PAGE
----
Your article was successfully shared with the contacts you provided. Jeremy Grantham, co-founder of GMO. This battle has been his focus for the last 13 years. Its chief goal: to decarbonize the global economy. Among the green technology investments — and the biggest proportion — are solid state lithium batteries.

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Your article was successfully shared with the contacts you provided. Jeremy Grantham, co-founder of GMO. This battle has been his focus for the last 13 years. Its chief goal: to decarbonize the global economy. Among the green technology investments — and the biggest proportion — are solid state lithium batteries.

Grantham, 81, who heads GMO, famously forecast the bubble in Japan, the technology sector meltdown of and the U. It invests in clean energy, batteries, regenerative farming, aquaculture and copper mining, among other environmentally focused entities. ThinkAdvisor interviewed Grantham on Thursday.

Speaking from his office in Boston, he declined to address the market per se, but nonetheless provided insight into what he believes will be changing consumer demands resulting from coronavirus — all positives for battling climate change. Please elaborate. Actually, the unraveling process has been very clear for a while. How will coronavirus affect the global economy?

The reduction in global GDP goes straight to the bottom line. However, if we knock a couple of points off global GDP, that buys us a year of grace in terms of the long struggle to reduce CO2 emissions [greenhouse gases]. Are there any other effects that the coronavirus pandemic will have on the fight to save the earth from climate change? This is a perfect example that even this ill wind is benefiting something.

If everyone travels less, stays at home and plays it safe for a while, then pollution goes down and traffic deaths go down. More or less everything unpleasant goes down for a while to mitigate the unpleasantness of coronavirus. Now everywhere in the West, people are reconsidering how critical it is to have a little more diversification. Please explain. I think that going forward there will be at least a minority of emergency suppliers closer at hand.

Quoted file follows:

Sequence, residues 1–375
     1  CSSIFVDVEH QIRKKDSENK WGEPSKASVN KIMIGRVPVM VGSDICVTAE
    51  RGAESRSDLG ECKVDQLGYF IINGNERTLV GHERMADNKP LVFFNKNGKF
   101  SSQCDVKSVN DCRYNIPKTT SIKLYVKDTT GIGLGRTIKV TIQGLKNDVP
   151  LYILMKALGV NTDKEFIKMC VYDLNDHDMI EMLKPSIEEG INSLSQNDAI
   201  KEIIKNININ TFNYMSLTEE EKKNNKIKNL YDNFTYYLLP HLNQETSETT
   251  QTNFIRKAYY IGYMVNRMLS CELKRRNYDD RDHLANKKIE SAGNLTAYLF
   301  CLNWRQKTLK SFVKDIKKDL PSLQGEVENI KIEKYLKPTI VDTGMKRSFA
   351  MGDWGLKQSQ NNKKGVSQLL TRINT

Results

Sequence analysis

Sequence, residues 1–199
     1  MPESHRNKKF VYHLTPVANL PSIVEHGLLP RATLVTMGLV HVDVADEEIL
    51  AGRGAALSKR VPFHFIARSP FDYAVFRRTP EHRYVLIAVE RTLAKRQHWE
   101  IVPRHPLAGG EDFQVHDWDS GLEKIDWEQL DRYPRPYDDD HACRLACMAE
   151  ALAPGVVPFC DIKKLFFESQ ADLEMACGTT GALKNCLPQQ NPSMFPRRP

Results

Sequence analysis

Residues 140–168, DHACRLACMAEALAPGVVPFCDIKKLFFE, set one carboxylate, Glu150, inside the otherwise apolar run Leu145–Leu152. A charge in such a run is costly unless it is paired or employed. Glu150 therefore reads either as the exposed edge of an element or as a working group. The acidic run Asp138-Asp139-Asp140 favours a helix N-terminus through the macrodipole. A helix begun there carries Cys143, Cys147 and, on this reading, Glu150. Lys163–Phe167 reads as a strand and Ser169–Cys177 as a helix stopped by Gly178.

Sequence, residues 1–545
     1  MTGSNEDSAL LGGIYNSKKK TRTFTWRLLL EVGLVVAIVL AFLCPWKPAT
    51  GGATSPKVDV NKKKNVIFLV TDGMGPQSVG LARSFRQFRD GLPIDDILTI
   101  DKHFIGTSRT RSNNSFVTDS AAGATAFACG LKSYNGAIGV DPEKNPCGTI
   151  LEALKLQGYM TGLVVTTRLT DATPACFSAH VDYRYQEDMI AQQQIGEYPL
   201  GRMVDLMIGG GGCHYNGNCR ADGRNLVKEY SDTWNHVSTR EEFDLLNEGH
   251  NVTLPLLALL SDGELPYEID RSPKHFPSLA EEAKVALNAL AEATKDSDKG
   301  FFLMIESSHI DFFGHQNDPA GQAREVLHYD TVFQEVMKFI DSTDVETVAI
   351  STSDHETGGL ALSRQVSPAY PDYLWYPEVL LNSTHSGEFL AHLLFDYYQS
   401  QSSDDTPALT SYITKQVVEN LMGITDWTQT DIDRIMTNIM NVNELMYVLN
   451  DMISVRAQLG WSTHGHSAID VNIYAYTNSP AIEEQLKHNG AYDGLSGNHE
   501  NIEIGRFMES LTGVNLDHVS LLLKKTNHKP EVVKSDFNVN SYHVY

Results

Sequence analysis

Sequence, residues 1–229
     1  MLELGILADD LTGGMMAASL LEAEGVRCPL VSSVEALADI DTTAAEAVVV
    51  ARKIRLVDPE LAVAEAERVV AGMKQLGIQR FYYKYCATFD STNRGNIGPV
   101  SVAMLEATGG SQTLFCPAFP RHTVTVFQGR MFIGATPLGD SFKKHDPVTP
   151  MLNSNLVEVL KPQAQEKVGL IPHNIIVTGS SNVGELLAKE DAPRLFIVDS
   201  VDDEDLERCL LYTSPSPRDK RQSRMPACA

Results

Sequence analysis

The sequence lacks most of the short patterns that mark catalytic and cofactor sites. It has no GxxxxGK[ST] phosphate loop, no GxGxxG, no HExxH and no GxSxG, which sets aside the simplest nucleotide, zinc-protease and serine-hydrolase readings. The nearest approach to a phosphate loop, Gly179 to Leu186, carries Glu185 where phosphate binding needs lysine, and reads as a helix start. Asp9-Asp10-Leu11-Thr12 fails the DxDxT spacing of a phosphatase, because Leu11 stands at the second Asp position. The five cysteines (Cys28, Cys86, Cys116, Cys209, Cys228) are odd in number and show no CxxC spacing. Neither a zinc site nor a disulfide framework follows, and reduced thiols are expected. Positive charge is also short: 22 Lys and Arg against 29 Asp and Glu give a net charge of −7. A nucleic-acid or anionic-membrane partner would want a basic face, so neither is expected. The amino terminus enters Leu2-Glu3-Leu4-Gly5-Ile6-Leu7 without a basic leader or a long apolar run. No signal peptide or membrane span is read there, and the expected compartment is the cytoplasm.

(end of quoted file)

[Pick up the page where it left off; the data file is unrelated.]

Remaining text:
Also, shortening the supply lines is a great help [to combat] climate change: less shipping, less energy involved. In general, global trade has been good for the economy but bad for climate. What lingering effects might coronavirus have on consumer lifestyle, and consequently some areas of the economy?

For the indefinite future, people will perhaps think longer and harder about taking a cruise, depending on how serious the virus will be considered looking back in a year or two. What about plane trips?

The same with airline travel. And [with people staying home], traffic accidents have dropped rapidly. So that goes into the pot as well. How much will that impact avoiding routine flu in the future? Hundreds of millions of people are adopting more hygienic behavior — washing their hands [frequently] and keeping more of a distance from one another.

That will deal with the seasonable flu as a freebie. In fact, it may save more seasonal flu deaths than are lost form coronavirus. Going forward, these patterns of good behavior will stay. So coronavirus will reduce seasonal flu deaths quite a few years — a decade or two — into the future. What will it take? If it comes down to good behavior based on altruism, then welcome to an age of 5 degrees centigrade warmer and a very tenuous civilization.

Sooner or later, it has to be regulation done at the top level. But climate change is about time. Eventually technology will solve the problems.

The [issue] is when that will happen. Time is precious. Climate change has already done a lot of damage, and a lot more will be done — much of it irreversible. Are you saying the situation dictates that laws must be changed and new ones instituted? And the next summer, there are five neighbors doing that. What about the behavior of business and government? The politicians of the Republican variety dared not mention the [term]; and today, increasingly, they do. Next [election], one candidate for president will have climate change as a top two or three issue on their agenda.